On 24/05/21, PARSA President Eve Walker released an email update regarding a series of PARSA Board resignations and changes to the association’s constitutional amendments following its formal dissolution at the beginning of the academic year.

The email comes as a result of significant disruption to PARSA and its governance. It explained that as of the 30th of April all members of the Board had resigned except for Ms Walker, who remains the only ex officio member of the Board. 

The ANU is now in control of PARSA’s governance structure, financial management and service delivery following the Special General Meeting (SGM) held on the 25th of March 2021, called by Ms Walker. The SGM highlighted major governance issues that threatened PARSA’s status as a not-for-profit student organisation under the Higher Education Support Act (2003), and the Higher Education Legislation Amendment (Student Services and Amenities) 2011.

Ms Walker, along with the Postgraduate Representative Committee (PRC) have been allowed to continue performing their duties whilst the ANU conducts a review and audit of the association’s governance structure. Walker’s email highlighted that PARSA’s status as a separate legal entity to the ANU means that no changes can be made to the organisation without the consent of PARSA. She explained that PARSA willingly accepted support from the ANU and will be complying throughout the review process that is anticipated to be completed within the next financial quarter. It is not expected to impact student’s access to postgraduate services. According to Ms Walker, the ANU has been providing PARSA with staffing support and has been responsible for approving all PARSA-affiliated communication.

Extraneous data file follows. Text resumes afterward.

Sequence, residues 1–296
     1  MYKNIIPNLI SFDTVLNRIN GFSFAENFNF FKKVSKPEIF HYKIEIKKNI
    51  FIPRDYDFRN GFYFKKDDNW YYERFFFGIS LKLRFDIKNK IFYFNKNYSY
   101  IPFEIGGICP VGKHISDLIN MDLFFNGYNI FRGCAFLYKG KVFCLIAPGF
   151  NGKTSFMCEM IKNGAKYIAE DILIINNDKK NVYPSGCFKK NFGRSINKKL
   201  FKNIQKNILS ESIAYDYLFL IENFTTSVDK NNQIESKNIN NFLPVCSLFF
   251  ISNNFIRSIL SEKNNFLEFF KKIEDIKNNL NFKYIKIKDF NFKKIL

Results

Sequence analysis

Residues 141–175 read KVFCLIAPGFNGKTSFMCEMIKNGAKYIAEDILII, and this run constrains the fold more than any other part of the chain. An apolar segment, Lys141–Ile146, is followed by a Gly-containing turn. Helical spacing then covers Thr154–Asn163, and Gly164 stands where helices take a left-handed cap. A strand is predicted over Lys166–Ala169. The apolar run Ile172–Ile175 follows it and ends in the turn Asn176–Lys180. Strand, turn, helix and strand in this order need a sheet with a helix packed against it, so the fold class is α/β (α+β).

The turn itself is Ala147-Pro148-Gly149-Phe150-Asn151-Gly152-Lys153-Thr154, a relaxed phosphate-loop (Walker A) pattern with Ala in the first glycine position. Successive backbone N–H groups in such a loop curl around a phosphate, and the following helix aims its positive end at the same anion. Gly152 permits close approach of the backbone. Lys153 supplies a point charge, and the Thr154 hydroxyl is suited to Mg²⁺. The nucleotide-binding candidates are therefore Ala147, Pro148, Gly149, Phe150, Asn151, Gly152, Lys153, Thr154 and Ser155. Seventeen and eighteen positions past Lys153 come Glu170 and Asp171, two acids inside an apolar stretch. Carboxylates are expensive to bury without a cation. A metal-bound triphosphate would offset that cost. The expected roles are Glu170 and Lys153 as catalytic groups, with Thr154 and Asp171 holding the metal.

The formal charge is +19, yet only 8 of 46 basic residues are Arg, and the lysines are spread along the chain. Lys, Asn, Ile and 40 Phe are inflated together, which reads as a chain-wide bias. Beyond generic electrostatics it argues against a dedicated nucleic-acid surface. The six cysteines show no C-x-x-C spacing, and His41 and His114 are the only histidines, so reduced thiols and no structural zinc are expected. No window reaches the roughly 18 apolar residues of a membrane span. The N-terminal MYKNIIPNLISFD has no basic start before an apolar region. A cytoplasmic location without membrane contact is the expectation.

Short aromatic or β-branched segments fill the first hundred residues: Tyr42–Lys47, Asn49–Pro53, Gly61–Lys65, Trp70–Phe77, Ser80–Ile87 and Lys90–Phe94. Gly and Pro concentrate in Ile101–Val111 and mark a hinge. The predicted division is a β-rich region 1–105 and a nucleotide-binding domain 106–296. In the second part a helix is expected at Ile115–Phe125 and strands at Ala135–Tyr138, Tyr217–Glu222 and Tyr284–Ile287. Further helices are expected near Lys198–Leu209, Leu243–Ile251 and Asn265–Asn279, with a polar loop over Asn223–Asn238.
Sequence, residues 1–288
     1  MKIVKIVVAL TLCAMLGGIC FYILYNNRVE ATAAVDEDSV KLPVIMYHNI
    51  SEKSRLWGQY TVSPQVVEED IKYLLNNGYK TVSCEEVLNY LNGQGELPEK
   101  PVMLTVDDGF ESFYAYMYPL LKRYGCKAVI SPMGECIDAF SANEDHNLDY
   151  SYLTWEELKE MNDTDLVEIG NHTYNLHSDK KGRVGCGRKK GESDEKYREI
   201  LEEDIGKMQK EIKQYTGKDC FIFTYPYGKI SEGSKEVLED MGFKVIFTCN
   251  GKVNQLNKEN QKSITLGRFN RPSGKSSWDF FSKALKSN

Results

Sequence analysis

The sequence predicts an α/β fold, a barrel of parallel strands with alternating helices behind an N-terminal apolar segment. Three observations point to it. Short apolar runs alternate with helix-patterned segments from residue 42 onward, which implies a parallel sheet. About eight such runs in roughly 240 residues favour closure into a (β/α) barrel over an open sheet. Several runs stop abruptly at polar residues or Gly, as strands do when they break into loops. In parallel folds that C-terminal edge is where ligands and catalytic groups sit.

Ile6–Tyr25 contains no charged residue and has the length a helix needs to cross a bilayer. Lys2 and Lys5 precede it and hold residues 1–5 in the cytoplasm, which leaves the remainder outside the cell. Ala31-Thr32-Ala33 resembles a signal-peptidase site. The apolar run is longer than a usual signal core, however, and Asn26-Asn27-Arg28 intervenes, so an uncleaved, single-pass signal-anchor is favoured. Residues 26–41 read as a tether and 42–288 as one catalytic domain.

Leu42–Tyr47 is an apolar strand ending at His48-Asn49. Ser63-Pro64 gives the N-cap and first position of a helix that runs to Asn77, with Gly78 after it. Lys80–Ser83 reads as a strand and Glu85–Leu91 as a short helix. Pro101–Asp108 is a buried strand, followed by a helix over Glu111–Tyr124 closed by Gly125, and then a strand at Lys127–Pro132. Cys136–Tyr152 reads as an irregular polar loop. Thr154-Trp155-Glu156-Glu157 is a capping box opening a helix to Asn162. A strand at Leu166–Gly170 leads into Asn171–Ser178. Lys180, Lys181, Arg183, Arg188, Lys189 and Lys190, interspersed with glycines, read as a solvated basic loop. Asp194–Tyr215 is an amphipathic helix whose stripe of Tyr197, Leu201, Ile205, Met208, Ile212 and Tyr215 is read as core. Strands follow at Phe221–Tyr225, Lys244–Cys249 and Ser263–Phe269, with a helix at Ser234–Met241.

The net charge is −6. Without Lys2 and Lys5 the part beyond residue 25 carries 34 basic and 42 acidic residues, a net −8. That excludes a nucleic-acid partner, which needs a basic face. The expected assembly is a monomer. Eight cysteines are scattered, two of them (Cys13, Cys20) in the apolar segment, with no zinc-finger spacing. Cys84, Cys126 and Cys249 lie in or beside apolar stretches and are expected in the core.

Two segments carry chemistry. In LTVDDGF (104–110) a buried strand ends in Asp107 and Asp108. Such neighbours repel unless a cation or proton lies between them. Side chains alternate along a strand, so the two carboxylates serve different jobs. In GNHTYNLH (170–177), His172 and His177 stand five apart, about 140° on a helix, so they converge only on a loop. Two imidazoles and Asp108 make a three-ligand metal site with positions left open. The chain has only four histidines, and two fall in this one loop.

An online SGM has been called for 6pm of the 15th of June to propose changes to the PARSA Constitution to ensure it is compliant to PARSA’s legal obligations. An AGM will be called the following day in order to provide the necessary two-weeks notice. Ms Walker’s email stated that she is “Incredibly apologetic for any concerns which may have been raised throughout this period. While there are no ‘winners’ in situations such as these, I wholeheartedly believe that PARSA is on track to becoming a more structurally sound organisation which reflects the needs of our broader membership. Enacting change is difficult, but I would like to believe that we are capable of achieving this together.”

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